• March 2018: Kick-off meeting (remotely via video conference)
  • June 2018: Fact-finding mission to the Caribbean region
  • Summer / Fall 2018: Preparation of reports, review by the technical advisory group
  • September 2018: Workshop to discuss preliminary results, Washington, DC, USA
  • March 2019: Validation workshops in all countries
  • Autumn 2019: Finalisation of reports, publication forthcoming

Content of the project

Economic and political context in the Eastern Caribbean

Anguilla, Antigua and Barbuda, Montserrat, St. Kitts and Nevis, and the Virgin Islands, are small island countries in the Eastern Caribbean, part of a number of islands commonly known as Leeward Islands. All of them have their own legal system, derived from the British one, and thus use common law. Anguilla, Montserrat, and the Virgin Islands are British Overseas Territories. Under British sovereignty, the three countries are internally self-governing. Antigua and Barbuda and St. Kitts and Nevis are sovereign states, which gained independence in the 1980s.

Key Findings

The procurement systems in the five OECS countries have strengths and weaknesses in all areas of the public procurement system, evidencing reform progress achieved in recent years. However, substantive challenges remain. The countries face common challenges in all pillars of the MAPS methodology, but also have opportunities to find inspiration and a clear roadmap for successful solutions..

  • Pillar I: Legal, Regulatory and Policy Framework

A few countries have established strong legal and regulatory frameworks, complying with a range of assessment criteria in the MAPS. Several countries, however, have not enforced a clear legal framework for public procurement, failing to follow on previously agreed reforms. Some countries have developed successful procurement tools such as guidance and templates, while others do not use these tools at all. Using public procurement to address broader policy objectives are generally not considered.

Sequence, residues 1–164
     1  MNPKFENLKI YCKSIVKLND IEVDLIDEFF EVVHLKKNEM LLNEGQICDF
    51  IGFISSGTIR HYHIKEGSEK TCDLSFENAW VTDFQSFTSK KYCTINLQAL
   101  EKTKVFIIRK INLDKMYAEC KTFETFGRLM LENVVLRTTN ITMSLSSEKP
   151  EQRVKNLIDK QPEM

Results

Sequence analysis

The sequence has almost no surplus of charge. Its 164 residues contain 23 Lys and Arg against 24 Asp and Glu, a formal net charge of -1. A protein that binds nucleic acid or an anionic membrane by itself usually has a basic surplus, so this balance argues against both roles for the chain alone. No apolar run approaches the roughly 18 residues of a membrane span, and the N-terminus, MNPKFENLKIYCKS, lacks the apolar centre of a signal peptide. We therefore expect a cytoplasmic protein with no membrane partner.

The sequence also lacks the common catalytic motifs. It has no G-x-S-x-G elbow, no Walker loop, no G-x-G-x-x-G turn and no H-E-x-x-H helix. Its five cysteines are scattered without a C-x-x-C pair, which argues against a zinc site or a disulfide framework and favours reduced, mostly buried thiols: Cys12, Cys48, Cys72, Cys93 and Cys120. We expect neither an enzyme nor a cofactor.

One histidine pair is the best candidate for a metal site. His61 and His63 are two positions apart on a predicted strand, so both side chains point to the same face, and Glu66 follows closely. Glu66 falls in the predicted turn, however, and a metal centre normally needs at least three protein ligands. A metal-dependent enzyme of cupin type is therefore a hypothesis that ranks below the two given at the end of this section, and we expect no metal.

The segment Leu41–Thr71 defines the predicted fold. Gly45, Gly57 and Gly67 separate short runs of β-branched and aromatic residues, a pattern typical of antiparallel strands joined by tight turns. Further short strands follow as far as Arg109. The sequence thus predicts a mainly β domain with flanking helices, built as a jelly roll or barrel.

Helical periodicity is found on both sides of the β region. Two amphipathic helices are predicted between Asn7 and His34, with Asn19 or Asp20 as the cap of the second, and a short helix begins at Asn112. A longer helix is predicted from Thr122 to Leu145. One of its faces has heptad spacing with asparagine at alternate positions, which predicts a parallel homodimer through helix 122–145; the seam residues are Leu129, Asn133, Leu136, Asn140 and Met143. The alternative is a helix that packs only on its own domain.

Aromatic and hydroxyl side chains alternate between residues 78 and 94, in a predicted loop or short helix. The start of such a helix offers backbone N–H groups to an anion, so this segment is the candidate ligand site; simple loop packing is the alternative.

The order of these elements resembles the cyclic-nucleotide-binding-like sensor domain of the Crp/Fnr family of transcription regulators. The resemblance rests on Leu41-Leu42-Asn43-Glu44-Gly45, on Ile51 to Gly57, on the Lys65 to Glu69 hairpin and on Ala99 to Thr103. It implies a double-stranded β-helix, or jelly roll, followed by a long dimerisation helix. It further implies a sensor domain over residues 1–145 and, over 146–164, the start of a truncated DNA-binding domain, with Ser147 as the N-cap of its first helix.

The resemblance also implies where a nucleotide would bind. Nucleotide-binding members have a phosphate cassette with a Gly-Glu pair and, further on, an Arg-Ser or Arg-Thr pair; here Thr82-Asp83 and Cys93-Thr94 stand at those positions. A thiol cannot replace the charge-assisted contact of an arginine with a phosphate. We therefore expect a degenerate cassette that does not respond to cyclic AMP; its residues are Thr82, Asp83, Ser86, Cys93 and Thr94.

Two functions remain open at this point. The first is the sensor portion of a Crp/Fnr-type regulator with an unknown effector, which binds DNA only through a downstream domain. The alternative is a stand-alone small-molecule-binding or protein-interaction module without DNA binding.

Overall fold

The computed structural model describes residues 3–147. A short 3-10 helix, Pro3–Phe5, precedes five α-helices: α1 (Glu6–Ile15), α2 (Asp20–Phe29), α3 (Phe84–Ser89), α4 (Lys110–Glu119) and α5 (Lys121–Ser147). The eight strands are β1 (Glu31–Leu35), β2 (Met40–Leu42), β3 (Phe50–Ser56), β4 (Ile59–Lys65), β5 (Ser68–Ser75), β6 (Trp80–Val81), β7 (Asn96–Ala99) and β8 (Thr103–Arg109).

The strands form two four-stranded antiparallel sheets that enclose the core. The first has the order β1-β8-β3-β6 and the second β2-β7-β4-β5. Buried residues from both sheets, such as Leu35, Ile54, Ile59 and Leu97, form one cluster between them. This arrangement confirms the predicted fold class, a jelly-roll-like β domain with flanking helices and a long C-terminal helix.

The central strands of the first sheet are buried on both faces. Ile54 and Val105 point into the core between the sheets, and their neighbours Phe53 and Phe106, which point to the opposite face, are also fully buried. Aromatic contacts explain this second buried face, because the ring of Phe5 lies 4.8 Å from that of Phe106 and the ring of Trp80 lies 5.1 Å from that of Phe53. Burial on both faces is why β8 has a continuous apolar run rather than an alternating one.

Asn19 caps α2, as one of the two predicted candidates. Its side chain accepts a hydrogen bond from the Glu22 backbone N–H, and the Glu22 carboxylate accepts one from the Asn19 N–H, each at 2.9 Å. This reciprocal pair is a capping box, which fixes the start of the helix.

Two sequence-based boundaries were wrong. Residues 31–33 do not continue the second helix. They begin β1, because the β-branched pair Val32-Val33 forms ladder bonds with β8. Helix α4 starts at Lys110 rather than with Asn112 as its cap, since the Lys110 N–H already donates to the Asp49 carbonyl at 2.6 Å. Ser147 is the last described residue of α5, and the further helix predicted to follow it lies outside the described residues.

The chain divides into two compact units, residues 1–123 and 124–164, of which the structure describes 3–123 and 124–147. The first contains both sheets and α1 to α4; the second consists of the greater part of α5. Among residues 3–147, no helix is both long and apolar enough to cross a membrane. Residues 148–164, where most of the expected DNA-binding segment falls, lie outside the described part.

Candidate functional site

• Pillar II: Institutional Framework and Management Capacity

Generally, the procurement and financial management systems are not well integrated. Use of e-procurement remains limited, with some positive exceptions. Basic functions are established, but some countries have yet to put core institutions into operation. Often, responsibilities for functions of the procurement system are not clear. Generally, the countries do not have capacity to monitor procurement performance, to develop their procurement systems and professionalisation of the procurement workforce is not considered.

  • Pillar III: Public Procurement Operations and Market Practices

Review of a limited number of procurement files revealed challenges primarily related to procurement planning and contract management. Some countries have developed procurement practices that allow contracting authorities to procure with a considerable level of value for money. However, these practices are not widespread. Lacking formal mechanisms for engagement, suppliers are largely not involved in public procurement decisions.

  • Pillar IV: Accountability, Integrity and Transparency of the Public Procurement System

In all countries, the transparency of public procurement is limited. Civil society is usually not involved in any public procurement procedures. Judicial challenge mechanisms are in place, but administrative procedures and remedies are generally not in place. The countries have different levels of compliance with indicators on audit. All countries have some elements of an anti-corruption framework in place. However, there is limited specific consideration of integrity in public procurement, for example concerning integrity training.

Outputs and resources


Assessment reports on the MAPS website


Methodology for Assessing Procurement Systems